Like Oil and Water, and Ethylbenzene?

Chemical Resistance Compatibility

Tips From the Service Bench

Technology TIP

When pumping liquids, you must be sure flow path wetted materials are compatible with intended media. If not researched and tested, issues may arise in the field that may impact product life and maintenance schedules.

While Chemical Compatibility Charts are a good place to start your research, there is typically a standard disclaimer at the bottom that limits their application and places the responsibility on you the buyer, such as:

Warning: The information in this chart is to be used as a guide, ONLY. Although believed to be accurate, actual decisions on material selection need to be thoroughly tested and evaluated by the customer for each specific application. It is the full responsibility of the customer to perform and evaluate the compatibility of materials for their specific requirements. The manufacturer takes no responsibility, etc., etc…


ARE WE COMPATIBLE?

Polymer components exposed to incompatible media can experience swelling or loss of physical properties. When severe, these effects can lead to degradation of pump performance, reduced pump life, leakage, and even pump failure. These issues are avoided with proper material selection. Many pump manufacturers provide a selection of flow path materials to meet most needs, and some provide additional material options for exceptional cases.

TESTING OUR RELATIONSHIP

So, how do you go about testing chemical compatibility? You can get test swatches of possible polymer materials. But, results using test swatches can be less than applicable since they may be much thinner or thicker than the actual parts used in pumps. KNF offers a better way to assist your compatibility decisions, with our Chemical Resistance Test Kit (p/n 173610). This kit contains our most popular head plates and elastomer valves materials. These are actual production parts in current use, so they offer the best test subjects possible. For each material, two parts are supplied – one for resistance testing, the other as a comparison reference. Simple instructions will guide you through the static soak test process.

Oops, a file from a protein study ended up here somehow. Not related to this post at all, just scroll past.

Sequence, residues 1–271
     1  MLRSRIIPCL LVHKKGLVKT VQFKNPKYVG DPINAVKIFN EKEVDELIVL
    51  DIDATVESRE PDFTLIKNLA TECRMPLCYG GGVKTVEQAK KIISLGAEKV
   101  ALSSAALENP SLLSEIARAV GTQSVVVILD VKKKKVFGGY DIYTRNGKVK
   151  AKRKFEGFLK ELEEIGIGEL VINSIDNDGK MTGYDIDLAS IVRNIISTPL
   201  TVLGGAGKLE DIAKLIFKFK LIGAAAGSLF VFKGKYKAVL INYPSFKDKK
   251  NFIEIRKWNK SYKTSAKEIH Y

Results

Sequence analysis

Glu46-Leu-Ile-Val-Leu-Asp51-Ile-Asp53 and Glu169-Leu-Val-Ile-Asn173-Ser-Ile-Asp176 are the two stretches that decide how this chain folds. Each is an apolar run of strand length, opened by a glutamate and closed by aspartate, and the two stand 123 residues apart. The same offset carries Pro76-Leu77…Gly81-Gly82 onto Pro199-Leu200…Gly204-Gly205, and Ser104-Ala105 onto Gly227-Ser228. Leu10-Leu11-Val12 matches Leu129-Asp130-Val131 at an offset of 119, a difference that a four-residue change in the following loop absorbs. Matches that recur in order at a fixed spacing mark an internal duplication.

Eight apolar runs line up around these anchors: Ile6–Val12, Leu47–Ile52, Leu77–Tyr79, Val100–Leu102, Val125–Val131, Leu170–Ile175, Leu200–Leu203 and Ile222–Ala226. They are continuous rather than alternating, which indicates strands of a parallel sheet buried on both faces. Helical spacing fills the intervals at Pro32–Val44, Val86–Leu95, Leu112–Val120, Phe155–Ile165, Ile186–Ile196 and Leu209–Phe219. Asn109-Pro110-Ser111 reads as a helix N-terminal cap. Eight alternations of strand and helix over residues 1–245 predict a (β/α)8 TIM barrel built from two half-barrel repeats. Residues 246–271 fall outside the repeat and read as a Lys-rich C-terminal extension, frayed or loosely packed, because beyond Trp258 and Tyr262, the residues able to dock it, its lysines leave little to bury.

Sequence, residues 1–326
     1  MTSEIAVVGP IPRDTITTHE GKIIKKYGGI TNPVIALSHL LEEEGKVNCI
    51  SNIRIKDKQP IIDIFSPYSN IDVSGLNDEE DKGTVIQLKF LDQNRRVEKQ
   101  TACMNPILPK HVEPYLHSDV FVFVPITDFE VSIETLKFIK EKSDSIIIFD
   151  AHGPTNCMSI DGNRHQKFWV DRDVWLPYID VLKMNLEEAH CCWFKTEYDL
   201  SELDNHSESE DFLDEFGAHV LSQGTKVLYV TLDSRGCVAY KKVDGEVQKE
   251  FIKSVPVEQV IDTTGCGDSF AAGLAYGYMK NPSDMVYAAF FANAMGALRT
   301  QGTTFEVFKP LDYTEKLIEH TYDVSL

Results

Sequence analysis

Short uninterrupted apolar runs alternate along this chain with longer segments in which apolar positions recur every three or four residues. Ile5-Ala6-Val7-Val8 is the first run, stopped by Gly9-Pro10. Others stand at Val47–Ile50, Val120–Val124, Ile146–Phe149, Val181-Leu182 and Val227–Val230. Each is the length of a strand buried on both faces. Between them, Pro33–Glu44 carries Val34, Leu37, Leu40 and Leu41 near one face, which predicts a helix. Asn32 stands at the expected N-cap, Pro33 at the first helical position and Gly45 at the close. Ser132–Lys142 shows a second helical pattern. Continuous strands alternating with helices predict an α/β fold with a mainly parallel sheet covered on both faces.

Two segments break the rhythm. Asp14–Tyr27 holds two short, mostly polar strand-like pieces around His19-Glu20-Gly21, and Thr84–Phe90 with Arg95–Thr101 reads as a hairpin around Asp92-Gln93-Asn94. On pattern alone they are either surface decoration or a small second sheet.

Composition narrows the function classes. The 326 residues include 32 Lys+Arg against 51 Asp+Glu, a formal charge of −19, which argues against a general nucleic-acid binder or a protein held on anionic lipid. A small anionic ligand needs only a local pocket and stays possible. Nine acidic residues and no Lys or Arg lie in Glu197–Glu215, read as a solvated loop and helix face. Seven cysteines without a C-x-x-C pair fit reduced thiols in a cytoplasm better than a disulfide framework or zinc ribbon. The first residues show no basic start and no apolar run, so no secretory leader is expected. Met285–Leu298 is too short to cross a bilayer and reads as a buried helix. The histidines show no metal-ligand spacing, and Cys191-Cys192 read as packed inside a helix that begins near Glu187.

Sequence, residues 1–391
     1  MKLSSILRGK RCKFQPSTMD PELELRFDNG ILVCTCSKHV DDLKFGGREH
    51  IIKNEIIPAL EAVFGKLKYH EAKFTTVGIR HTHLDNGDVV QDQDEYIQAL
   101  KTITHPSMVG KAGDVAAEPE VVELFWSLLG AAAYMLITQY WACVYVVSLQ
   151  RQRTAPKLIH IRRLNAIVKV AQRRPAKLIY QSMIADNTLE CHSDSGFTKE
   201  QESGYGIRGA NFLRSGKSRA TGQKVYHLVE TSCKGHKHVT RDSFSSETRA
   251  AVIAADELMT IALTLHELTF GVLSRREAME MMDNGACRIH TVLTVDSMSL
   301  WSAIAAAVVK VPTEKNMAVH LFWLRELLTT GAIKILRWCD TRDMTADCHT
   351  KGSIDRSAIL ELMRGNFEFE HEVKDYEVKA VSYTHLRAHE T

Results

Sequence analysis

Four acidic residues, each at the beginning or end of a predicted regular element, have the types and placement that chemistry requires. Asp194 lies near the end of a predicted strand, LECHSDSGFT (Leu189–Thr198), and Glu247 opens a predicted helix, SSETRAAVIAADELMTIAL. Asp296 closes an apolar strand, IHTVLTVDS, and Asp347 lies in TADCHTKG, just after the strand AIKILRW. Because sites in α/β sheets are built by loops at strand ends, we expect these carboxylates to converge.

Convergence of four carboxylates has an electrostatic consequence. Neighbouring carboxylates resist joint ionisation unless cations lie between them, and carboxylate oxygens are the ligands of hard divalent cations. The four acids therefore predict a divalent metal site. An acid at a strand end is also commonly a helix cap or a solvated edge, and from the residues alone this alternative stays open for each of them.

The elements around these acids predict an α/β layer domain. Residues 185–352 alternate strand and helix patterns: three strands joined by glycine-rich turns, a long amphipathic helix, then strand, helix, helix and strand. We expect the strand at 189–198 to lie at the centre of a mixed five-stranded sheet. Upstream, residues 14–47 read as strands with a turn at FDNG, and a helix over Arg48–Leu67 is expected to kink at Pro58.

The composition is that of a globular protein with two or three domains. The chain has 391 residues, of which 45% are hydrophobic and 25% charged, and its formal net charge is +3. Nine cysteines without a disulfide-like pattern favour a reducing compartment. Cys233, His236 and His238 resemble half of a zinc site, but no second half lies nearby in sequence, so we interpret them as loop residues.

Chemical Resistance Kit Materials

Kit materials: (1) PEEK (2) PPS (3) PVDF (4) PP (5) FFKM-A (6) FKM (7) EPDM (8) FFKM-B (9) FFKM-C

SUMMARY

In a typical fluidic system, component lifetime will be influenced by several variables beyond simple compatibility of the liquid media, including chemical concentration, liquid temperature, operating pressure, flow rate, and exposure to abrasive materials. A static soak test cannot, therefore, replace a long-term validation test with a pump running in a real system under system parameters. But, a static soak test is well suited as part of an initial screening to identify and eliminate materials which are clearly incompatible with expected liquids.

Contact KNF today for a Chemical Resistant Test Kit and get pumping with confidence!

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Safe, Gas-tight Transfer of Dangerous and/or Expensive Media

The following is a case study presenting the issues encountered and overcome when problem-solving a pyrophoric gas transfer application with KNF customer, Air Products and Chemicals.

INTRODUCTION

Spontaneously-Combustible-SignAir Products is a leading international manufacturer of industrial gases and chemicals. With a staff of over 21,000, the company, based in Pennsylvania, operates in 50 countries across the globe and supplies a wide variety of processing media for myriad applications and industries.

Among goods produced specifically for the semiconductor and solar industry, Air Products manufactures a special gas mixture employed in etching and gas deposition processes to coat silicon wafers and glass substrates; these methods help, for example, to create the active films in flat panel displays and solar cells.

Owing to their pyrophoric properties, the utmost care is required both when manufacturing and using these gases. All system components that store or transfer the gases must therefore prevent air contamination. Should such gases come into contact with air, an exothermic reaction takes place in which a telltale oxidation product is created and deposited in the form of a white coating.

>> Read the Complete Case Study

Obtaining Optimal Process Pump Performance

KNF process pumps for hazardous media and environments

KNF N 860.3 FTI Ex – for pyrophoric gas application

In the latest edition of Processing magazine, KNF Process Pump Engineer, Rich Aerts highlights the importance of adapting a diaphragm pump to its operating conditions, media properties, and the needs of the process itself. The article includes a real-life example of pump materials being modified to achieve optimal performance, and illustrates the importance of gas-tightness in the manufacturing of pyrophoric processing gases.

Read article: “Transferring Pyrophoric Processing Media with Safety” (Processing, Sep. 2015) >>